Further, by the time of the fact finding hearing, physical and legal custody of the child had already been returned to S.S. She had complied with all of the services DYFS had provided to her, had broken off her relationship with D.L., and was living with her family. She was also planning to move to Florida to live with her father, a plan to which DYFS expressed no objection. DYFS presented no evidence of any likelihood that the events that caused the child to be taken from S.S. in the first place were likely to recur. S.S., supra, 372 N.J. Super. at 24 ("We see no reason, when judging the likelihood of future harm, that the court focus solely on events at the time of the removal if causes for concern have been significantly alleviated.") Moreover, the judge did not make the specific factual findings needed to support a determination of abuse or neglect.

We cannot second-guess the November 18, 2010 decision of the DYFS worker to remove the child on an emergency basis from the chaos in which she found him. See P.W.R., supra, 205 N.J. at 39-40. On the other hand, once the smoke cleared, so to speak, the Division's subsequent prosecution of S.S. for child abuse and neglect appeared unwarranted. If the DYFS complaint was a "wake up call" for S.S., about the need to break away from D.L. and make a new life for herself, it was effective. Months before the fact finding hearing commenced in April 2011, DYFS recognized that S.S. was a fit and loving parent and consented to return the child to her physical and legal custody. Yet the agency insisted on proceeding with the fact finding hearing, although the judge suggested that the case might simply be dismissed.

As we recently held in New Jersey Division of Youth and Family Services v. V.T., 423 N.J. Super. 320, 332 (App. Div. 2011), while we do not condone parents' illegal drug use, a parent's use of drugs, by itself, will not necessarily support a finding of abuse and neglect. Moreover, the purpose of a fact finding hearing is not to assign moral blame to the parent, but to determine whether the child has been actually injured or placed emotionally or physically at risk in some significant way, such that the court's intervention is required:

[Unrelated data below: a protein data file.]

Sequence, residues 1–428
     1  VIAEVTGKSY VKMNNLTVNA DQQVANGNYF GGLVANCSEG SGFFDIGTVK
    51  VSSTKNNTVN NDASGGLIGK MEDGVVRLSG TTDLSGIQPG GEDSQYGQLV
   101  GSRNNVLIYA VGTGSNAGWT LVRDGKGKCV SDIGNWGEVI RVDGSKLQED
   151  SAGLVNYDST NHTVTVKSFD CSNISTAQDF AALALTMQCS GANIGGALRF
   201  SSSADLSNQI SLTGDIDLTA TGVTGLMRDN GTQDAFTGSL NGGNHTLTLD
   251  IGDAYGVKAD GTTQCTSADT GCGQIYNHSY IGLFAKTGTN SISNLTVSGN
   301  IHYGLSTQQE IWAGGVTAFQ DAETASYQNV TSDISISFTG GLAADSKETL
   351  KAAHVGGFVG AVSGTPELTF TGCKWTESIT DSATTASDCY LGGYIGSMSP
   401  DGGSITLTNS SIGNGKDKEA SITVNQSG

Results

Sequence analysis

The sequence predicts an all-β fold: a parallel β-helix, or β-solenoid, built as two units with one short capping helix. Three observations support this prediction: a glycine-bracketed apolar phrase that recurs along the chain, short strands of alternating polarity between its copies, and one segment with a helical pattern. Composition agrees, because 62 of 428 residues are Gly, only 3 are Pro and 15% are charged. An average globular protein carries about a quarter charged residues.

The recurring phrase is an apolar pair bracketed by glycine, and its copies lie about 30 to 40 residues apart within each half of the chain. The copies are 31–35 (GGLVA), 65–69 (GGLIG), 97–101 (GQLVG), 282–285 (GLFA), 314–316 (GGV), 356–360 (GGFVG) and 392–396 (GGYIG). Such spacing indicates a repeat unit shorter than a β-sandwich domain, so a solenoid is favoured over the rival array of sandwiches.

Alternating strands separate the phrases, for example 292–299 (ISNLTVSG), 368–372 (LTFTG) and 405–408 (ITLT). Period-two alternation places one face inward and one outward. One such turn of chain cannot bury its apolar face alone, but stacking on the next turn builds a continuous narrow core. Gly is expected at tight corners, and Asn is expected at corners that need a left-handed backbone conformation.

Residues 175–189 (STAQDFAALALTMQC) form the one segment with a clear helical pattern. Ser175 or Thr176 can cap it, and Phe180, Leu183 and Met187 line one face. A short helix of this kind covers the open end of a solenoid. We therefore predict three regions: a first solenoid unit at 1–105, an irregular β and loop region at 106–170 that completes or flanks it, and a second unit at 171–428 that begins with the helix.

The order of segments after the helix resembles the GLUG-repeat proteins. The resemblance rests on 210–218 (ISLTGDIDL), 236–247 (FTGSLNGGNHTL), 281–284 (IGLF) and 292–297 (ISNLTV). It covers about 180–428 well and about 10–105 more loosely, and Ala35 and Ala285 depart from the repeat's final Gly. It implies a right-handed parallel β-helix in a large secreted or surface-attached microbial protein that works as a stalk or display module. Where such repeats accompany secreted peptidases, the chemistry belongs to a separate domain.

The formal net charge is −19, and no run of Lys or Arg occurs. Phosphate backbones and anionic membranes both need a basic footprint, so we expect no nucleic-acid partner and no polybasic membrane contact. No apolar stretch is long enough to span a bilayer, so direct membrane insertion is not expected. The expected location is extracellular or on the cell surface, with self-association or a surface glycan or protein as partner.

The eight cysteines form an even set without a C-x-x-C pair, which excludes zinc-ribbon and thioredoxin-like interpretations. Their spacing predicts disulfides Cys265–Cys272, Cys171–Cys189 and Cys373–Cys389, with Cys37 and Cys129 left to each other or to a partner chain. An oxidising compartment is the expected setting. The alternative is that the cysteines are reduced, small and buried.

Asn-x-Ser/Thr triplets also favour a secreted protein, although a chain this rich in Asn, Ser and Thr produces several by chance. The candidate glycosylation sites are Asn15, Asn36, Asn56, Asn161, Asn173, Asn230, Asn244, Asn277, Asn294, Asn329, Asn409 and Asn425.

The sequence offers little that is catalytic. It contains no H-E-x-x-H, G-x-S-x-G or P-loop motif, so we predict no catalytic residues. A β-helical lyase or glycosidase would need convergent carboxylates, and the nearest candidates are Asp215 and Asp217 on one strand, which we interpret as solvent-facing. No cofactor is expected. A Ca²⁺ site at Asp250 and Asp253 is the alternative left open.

The purpose of a fact-finding hearing in an abuse or neglect proceeding is not to assign guilt to a defendant, but to determine whether a child is an abused or neglected child pursuant to N.J.S.A. 9:6-8.44. Under the statutory framework, "the safety of the child shall be of paramount concern." At the hearing, the State must prove by a preponderance of the evidence that there has been an act of abuse or neglect committed by the parent . . . "If facts sufficient to sustain the complaint under [Title 9] are not established, or the court concludes that its assistance is not required on the record before it, the court shall dismiss the complaint and shall state the grounds for the dismissal." N.J.S.A. 9:6-8.50(c). [Id. at 328 (citations omitted).]

The Division's case at the fact finding hearing was largely based on innuendo and hearsay, as opposed to legally competent evidence of abuse or neglect. The trial judge's decision was no doubt made more difficult because the Law Guardian sided with DYFS, a position it later abandoned on appeal. The resulting finding of child neglect was not supported by sufficient credible evidence, and must be reversed. Accordingly, if S.S.'s name has been placed on the Central Registry, it shall be removed forthwith.